The soothingly low mortgage delinquency rate is a deceptive indicator: the New York Fed weighs in.
Mortgage delinquencies at all commercial banks in the US inched down to 3.14% in the second quarter, the lowest since Q2 2007, according to the Federal Reserve. But after those soothingly low delinquency rates in 2007, something happened. By Q3 2008, the delinquency rate hit 5.2%, and in Q4 2009, it went over 10%, and stayed in the double-digits until Q1 2013. This was the mortgage crisis. And we’re a million miles away from it, thank God. Or are we?
This chart compares home prices in the US (green, left scale) to delinquency rates (red, right scale). Delinquency rates started surging after home prices started falling. The inflection point is marked by the vertical purple line, labeled “it starts”:
Home prices began falling in 2006. By 2008, some homeowners were seriously “underwater” – they owed more on their house than the house was worth. When they ran into financial trouble because they were in over their heads, or because one of the breadwinners in the household lost their jobs, or because they’d lied on their mortgage application and never had enough income to begin with, or because they were investors who couldn’t make the math work out anymore, or whatever, they were stuck.
In a rising housing market, they would just sell the home and pay off the mortgage. But they couldn’t sell their home because it was worth less than the mortgage, and default was the only option.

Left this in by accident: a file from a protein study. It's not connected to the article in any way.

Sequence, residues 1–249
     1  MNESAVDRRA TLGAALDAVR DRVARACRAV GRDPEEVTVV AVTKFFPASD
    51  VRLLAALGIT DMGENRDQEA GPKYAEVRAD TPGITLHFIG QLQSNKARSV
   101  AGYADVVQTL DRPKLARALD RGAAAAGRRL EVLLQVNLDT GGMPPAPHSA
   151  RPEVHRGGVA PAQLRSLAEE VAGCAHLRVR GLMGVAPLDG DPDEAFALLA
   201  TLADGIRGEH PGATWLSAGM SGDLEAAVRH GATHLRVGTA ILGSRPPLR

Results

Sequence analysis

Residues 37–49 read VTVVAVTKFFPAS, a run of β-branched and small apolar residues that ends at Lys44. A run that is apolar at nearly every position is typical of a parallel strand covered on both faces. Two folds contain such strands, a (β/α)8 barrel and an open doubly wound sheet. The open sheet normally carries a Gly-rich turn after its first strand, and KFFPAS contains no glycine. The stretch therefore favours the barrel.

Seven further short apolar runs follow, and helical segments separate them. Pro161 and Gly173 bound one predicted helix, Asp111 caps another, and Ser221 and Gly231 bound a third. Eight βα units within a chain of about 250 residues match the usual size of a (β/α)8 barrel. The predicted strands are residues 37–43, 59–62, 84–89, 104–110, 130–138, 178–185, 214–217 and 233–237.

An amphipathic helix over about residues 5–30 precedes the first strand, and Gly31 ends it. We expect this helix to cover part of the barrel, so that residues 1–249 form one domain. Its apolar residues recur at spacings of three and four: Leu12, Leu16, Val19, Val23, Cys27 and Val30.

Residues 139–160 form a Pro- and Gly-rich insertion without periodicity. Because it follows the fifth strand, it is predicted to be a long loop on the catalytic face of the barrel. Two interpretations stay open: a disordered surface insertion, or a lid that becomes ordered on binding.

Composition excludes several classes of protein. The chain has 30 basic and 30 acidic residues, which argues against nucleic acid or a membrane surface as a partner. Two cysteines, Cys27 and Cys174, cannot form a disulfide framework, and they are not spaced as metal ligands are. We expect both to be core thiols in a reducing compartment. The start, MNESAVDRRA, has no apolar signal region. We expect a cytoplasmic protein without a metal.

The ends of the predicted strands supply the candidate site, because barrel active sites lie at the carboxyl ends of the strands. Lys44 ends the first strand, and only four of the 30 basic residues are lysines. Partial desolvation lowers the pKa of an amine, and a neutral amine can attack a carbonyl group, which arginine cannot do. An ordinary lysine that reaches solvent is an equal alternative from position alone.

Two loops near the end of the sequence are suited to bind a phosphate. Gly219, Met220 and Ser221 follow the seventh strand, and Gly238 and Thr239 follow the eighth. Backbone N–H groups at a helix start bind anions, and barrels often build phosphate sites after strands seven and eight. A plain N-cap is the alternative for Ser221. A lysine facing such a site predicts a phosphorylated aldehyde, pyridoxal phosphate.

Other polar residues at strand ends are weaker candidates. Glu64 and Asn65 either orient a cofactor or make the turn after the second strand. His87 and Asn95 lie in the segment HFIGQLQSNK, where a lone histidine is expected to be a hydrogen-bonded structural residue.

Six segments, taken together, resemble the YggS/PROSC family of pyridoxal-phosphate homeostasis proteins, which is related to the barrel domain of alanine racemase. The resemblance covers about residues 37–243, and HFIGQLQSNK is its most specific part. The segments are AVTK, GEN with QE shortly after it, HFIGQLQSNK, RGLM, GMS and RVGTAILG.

The chart above shows the relationship between home prices and delinquencies. In a rising housing market, delinquencies will always be low but are not an indicator of future default risks. But home prices are an indicator of default risk.
“Borrowers’ ability to withstand economic shocks depends importantly on housing equity,” the New York Fed explained in its new Economic Policy Review. “This dynamic played a key role in the 2007-09 recession, when surging mortgage debt followed by falling home prices put many homeowners ‘underwater’ on their mortgages.”
When home equity turns “negative,” that’s when serious trouble begins. The New York Fed:
Over the first half of the 2000s, U.S. household debt, particularly mortgage debt, rose rapidly along with house prices, leaving consumers very vulnerable to house price declines. Indeed, as house prices fell nationwide from 2007 to 2010 and unemployment rates soared, mortgage defaults and foreclosures skyrocketed because many households were “underwater”…
But the national averages don’t do a good job. About a third of homeowners own their…